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Engaging with Customers to Find Successful Solutions

Customers
Conflict Solving
Feedback
Embracing Failures
Users

23 December, 2021

Erik Rogne
Erik Rogne

Product at Rescale

Erik Rogne, Sr Product Manager at Rescale, describes how his data-driven approach was proven wrong after interacting with his customer base to add features to a product.

Having an Identity Product with a High Churn Rate

When I first began my employment with a company, I was working directly on our identity product. This product enabled customers to license specific parts of our identity graph and use our identities in their environment. However, we had one problem with this product, as customers were churning from it much faster than some of our other products. My role was to figure out what was going on with a higher churn rate, including engaging with the customer.

Using Metrics and Interacting with Customers

Learning About the Customer:

My first action step was to meet with our customer base and receive their input on our product. The specific customer for this product was our platform customers: usually developers and other very technical users. Generally, when these customers buy a product, they use it for a significant amount of time.

Looking into the Data:

I dove into a few different data areas, such as support tickets, salesforce data in order to understand why the customers left our product. The common theme that I found was that identity mapping had outdated linkages, meaning that it was leading our customers down out-of-date rabbit holes. I connected with the sales team, and they assured me that these linkages were the primary reason that many customers churned from this product.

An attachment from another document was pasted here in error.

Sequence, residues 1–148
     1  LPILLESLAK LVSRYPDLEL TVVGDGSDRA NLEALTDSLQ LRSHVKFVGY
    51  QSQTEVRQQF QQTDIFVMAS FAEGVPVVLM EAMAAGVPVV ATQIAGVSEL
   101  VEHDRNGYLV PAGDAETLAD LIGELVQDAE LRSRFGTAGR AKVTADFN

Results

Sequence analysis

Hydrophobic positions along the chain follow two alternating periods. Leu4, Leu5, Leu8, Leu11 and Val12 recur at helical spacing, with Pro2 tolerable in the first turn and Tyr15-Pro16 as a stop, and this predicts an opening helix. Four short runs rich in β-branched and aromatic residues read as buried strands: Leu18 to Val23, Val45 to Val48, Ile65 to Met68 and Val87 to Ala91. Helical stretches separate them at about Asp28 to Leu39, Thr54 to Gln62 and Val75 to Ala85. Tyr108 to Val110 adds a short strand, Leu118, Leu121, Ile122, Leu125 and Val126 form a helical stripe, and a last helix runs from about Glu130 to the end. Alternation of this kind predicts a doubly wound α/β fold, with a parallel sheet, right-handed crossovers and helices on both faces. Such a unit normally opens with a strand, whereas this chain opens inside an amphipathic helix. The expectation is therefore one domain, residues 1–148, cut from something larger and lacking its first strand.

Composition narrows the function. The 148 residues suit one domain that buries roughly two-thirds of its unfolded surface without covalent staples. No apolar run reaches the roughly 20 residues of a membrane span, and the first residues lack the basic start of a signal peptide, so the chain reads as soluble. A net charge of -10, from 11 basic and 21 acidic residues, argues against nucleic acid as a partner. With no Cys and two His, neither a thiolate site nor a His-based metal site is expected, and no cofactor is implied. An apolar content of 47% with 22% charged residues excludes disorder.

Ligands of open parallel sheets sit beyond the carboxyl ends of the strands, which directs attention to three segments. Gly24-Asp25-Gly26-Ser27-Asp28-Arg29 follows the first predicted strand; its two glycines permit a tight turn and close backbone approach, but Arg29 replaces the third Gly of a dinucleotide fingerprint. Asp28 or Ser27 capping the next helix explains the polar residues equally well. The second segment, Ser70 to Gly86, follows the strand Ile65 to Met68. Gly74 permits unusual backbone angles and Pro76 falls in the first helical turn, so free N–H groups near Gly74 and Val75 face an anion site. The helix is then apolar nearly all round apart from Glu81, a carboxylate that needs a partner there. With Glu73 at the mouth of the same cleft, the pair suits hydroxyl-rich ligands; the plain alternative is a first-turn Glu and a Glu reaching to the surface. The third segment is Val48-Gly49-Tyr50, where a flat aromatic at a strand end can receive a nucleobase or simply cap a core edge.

From my findings, I created a hypothesis to combat this high churn rate; I could update our linkages so our customers could use the function as intended. While the data was leading me to a specific issue, I hadn’t spoken with our customer base throughout this process.

Engaging with the Customer:

I knew that I couldn’t move forward without directly chatting with existing and churned customers about our product. Throughout these conversations, I wanted to understand the use case and pain points of our product. I didn’t want to propose a solution during our meetings but rather try and understand their challenges.

I learned that our customers didn’t want my team to filter out the linkages but rather more visibility, setting their parameters. Simply put, they wanted more control, and by updating the linkages, we would be giving them less control.

Developing Features:

After these conversations with these customers, my team created a feature that gave customers more information about the updates of our linkages. With this feature, the customer had the choice to filter out the linkages on their side, meaning they could customize the tool to their own particular needs. While solving the problems of our customer base, this product also minimized the number of questions sent to customer support related to the product.

Understanding Technical Customers

  • It is essential to understand who the specific user is. Compared to non-technical users, technical users usually want more customization and more complex features.
  • Understanding the ‘why’ behind everything makes decision-making significantly easier. Data and metrics can only take you so far before you need to connect with your customers personally and talk person to person.

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